Search the Cinema Head Cheese Archives!

September 3, 2015

Movie Review: When the Wind Blows (1986)

Directed by Jimmy Murakami

Movie Review by Greg Goodsell

As author David J Moore states in his authoritative book on Apocalyptic cinema, “World Gone Wild,” “This is no bag of candy for the kiddies, friends.” Indeed.

Jim (voiced by Sir John Mills) and Hilda Bloggs (voiced by Dame Peggy Ashcroft) is an elderly couple who live on their storybook farm outside of London. The talk, bicker and remember the good old days when they learn about the possibility of nuclear war in three days’ time. Jim busies himself by following official government pamphlets by painting all the windows white and constructing a shelter of three doors lying on their side in a hallway. The unspeakable happens, their home and farm is reduced to rubble. The Bloggs continue on talking, bickering, and remembering the good old days … until they eventually crawl into paper bags to await their deaths from radiation poisoning.

Cartoonist Raymond Briggs decided to let the world have it with both barrels after the winsome yuletide fantasy The Snowman in 1982. Taking his all-round circular figures and overly pleasing pastel colors, Briggs took on the Ronald Reagan Cold War era for an altogether bleak and despairing vision. When the Wind Blows runs neck and neck with Grave of the Fireflies as the most despairing animated feature film EVER.

Basing the characters of the Bloggs on his own parents, Briggs makes a point in the included 17-minute feature on this disc, “An Interview with Raymond Briggs” that both his mother and father had muddled through World War II. Both were of the mind that they could make do through World War III as well. This was an overriding concern during the 1980s, when many such people – probably not as oblivious as the Bloggs, had survived through the war years, and were in positions of political power who actually thought that all-out nuclear war would be no big deal.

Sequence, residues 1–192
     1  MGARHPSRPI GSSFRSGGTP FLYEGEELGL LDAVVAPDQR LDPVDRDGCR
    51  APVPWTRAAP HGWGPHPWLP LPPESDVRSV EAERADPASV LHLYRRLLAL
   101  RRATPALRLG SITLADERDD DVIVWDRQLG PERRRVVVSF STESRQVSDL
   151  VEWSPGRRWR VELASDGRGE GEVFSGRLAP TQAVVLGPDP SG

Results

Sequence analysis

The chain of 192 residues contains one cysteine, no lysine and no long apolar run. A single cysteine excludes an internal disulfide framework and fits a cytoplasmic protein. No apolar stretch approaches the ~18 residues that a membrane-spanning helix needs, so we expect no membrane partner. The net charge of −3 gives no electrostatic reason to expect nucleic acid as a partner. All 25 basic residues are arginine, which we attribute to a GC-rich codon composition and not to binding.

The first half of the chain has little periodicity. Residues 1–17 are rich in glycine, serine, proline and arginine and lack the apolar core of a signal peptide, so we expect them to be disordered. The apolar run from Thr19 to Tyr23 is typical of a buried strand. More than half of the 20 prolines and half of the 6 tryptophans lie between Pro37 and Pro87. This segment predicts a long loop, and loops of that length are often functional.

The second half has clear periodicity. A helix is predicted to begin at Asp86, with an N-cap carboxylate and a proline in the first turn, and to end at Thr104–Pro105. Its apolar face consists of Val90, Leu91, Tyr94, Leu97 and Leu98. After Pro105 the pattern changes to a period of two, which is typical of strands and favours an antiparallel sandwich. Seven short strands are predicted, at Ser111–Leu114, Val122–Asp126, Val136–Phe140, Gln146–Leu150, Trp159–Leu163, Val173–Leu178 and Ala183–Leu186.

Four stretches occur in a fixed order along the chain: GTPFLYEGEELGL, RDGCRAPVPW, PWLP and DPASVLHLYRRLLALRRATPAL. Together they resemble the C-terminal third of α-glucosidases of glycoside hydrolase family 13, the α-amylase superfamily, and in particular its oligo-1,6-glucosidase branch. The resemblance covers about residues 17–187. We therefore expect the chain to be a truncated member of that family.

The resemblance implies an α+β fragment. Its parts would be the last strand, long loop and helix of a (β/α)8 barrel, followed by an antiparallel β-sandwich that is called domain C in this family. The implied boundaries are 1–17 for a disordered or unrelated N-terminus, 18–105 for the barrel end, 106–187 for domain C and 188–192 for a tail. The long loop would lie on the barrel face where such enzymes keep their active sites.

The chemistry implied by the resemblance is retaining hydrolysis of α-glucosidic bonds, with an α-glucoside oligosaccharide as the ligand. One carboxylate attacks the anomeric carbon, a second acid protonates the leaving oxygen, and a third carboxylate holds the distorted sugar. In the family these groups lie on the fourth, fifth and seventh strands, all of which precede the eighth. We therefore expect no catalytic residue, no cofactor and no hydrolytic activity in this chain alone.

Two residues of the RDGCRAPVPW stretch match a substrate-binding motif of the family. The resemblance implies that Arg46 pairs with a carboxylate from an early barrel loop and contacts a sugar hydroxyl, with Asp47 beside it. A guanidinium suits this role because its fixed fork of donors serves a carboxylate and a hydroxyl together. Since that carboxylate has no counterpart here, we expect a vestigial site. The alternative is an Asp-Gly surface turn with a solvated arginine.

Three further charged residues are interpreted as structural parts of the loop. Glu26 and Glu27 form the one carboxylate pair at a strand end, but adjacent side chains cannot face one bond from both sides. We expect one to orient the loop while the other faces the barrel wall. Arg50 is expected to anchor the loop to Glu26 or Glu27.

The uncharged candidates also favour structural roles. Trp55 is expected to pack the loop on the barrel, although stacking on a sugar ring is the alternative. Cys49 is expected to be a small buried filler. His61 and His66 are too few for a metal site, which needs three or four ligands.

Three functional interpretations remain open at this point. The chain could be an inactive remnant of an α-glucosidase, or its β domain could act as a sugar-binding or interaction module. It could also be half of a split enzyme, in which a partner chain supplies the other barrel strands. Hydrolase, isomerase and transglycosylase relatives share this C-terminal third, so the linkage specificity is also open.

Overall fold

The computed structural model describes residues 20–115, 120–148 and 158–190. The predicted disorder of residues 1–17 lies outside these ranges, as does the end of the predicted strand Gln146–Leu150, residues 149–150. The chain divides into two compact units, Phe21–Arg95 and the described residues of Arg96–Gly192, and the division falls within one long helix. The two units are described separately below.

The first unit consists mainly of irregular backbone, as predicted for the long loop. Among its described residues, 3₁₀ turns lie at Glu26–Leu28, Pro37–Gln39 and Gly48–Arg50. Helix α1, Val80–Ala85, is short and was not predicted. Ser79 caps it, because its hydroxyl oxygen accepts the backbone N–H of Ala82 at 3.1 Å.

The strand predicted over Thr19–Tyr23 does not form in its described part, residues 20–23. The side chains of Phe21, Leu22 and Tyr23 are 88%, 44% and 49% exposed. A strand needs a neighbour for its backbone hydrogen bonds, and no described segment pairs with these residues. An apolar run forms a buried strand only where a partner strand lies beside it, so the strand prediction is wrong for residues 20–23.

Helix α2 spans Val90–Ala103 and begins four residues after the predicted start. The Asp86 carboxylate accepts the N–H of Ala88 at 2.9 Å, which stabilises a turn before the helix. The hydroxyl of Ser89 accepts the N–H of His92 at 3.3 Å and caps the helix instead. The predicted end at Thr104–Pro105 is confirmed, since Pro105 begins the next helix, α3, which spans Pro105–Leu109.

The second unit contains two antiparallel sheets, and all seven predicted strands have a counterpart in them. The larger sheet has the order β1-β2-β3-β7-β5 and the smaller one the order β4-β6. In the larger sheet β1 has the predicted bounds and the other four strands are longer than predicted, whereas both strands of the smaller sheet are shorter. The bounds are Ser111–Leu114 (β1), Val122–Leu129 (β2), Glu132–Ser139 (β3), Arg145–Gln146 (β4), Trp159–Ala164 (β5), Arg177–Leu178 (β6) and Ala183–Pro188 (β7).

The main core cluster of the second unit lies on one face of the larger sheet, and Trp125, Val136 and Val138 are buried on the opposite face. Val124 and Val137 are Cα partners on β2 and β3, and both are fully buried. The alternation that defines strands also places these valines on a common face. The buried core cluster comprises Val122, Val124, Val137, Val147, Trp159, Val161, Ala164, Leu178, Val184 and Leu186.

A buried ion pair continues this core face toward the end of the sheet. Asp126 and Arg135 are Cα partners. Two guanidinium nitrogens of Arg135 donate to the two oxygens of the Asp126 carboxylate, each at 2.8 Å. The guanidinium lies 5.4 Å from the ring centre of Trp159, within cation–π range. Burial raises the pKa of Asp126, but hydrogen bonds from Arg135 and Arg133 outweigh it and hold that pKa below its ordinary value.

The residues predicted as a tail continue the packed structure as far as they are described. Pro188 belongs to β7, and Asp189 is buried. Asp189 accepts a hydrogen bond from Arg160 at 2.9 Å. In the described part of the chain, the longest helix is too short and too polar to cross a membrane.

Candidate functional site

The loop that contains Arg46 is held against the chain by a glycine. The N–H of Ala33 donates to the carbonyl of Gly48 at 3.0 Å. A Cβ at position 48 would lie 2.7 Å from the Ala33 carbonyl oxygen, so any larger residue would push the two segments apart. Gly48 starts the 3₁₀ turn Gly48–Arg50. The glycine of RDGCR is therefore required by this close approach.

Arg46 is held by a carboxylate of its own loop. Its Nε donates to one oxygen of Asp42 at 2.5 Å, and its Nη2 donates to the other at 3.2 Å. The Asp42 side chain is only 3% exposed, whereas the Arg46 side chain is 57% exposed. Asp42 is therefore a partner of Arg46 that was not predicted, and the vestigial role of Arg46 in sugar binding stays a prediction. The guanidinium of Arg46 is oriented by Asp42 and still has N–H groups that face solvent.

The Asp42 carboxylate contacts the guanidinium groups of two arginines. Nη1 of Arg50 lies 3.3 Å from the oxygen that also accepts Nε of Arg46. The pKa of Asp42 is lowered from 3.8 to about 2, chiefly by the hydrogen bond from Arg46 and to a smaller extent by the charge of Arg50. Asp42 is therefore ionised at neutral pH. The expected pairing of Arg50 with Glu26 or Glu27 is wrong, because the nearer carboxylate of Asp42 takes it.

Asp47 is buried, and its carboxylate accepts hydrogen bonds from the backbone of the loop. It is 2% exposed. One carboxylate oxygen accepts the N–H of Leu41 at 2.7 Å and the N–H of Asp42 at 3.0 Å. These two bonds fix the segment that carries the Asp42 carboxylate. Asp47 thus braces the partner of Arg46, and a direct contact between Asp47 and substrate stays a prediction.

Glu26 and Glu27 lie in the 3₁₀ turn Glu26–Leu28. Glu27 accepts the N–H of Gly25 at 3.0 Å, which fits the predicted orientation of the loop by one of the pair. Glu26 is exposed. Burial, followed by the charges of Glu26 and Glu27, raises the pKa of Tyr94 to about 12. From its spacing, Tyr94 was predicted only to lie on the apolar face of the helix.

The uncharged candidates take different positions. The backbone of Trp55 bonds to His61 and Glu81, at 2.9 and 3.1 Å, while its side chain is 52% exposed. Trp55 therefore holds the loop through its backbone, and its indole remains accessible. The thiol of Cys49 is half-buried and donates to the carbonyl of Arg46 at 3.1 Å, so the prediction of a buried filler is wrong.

Another point made by a reviewer, forget his name at the time of this film’s release was “that nuclear war makes for a lousy plot.” Serious films intended to warn audiences away from a nuclear holocaust such as Threads (1984) and The Day After (1983) generally failed to inspire people to take part in peace marches. Rather, these projects hammered home the unavoidable fact that death comes to all living things. (President Ronald Reagan later admitted in his memoirs that The Day After depressed him, causing him to tone down his “Evil Empire” rhetoric against the Russians.) The Bloggs have lived their lives and had their hopes and expectations about their government dashed after running water and electricity is not restored immediately after The Big One. Their fate will undoubtedly get most people’s waterworks under the eyes going ….

This release of When the Wind Blows is another across the board winner for Twilight Time, although it must be noted that for some reason their English subtitles for the hard-of hearing wasn’t featured on this limited to 3,000 copies Blu-Ray. It certainly could have come in handy in deciphering the characters’ clipped, British accents.      

This Twilight Time release rivals Criterion in terms of extras. There is the substantial one-hour and 17 minute “Jimmy Murakami: Non-Alien,” in which the director relates his experiences as a youthful Japanese internment camp member in the United States during World War II. The subject matter in When the Wind Blows, with the atomic bombing of the Japanese cities of Hiroshima and Nagasaki, would appear to have a tenacious connect to Murakami.

Also included is “The Wind and the Bomb - The Making of When the Wind Blows,” which details the lengthy and painstaking process in making an animated feature strictly by hand. If this film were done today, the Bloggs would doubtlessly be computer animated in the manner of a Pixar feature. When the Wind Blows features an array of diverse animation techniques such as the odd piece of stop motion here and there. The animators are asked what they would do if the bombs were suddenly sent on their way: “I dunno. Pray, maybe?” one artist says.

There is also an audio commentary with First Assistant Director Joe Fordham, hosted by Twilight Time's Nick Redman, as well as an isolated music and effects track. Julie Kirgo once again provides peerless commentary in the included booklet, where she freely admits that she made When the Wind Blows off limits to her children until they were much older.

When the Wind Blows is harrowing viewing. Warm up some tea, have a good cry, prepare to roll up and die as these adorable cartoon characters rush to their graves through no fault of their own. And down will come baby, cradle and all. 

No comments:

Post a Comment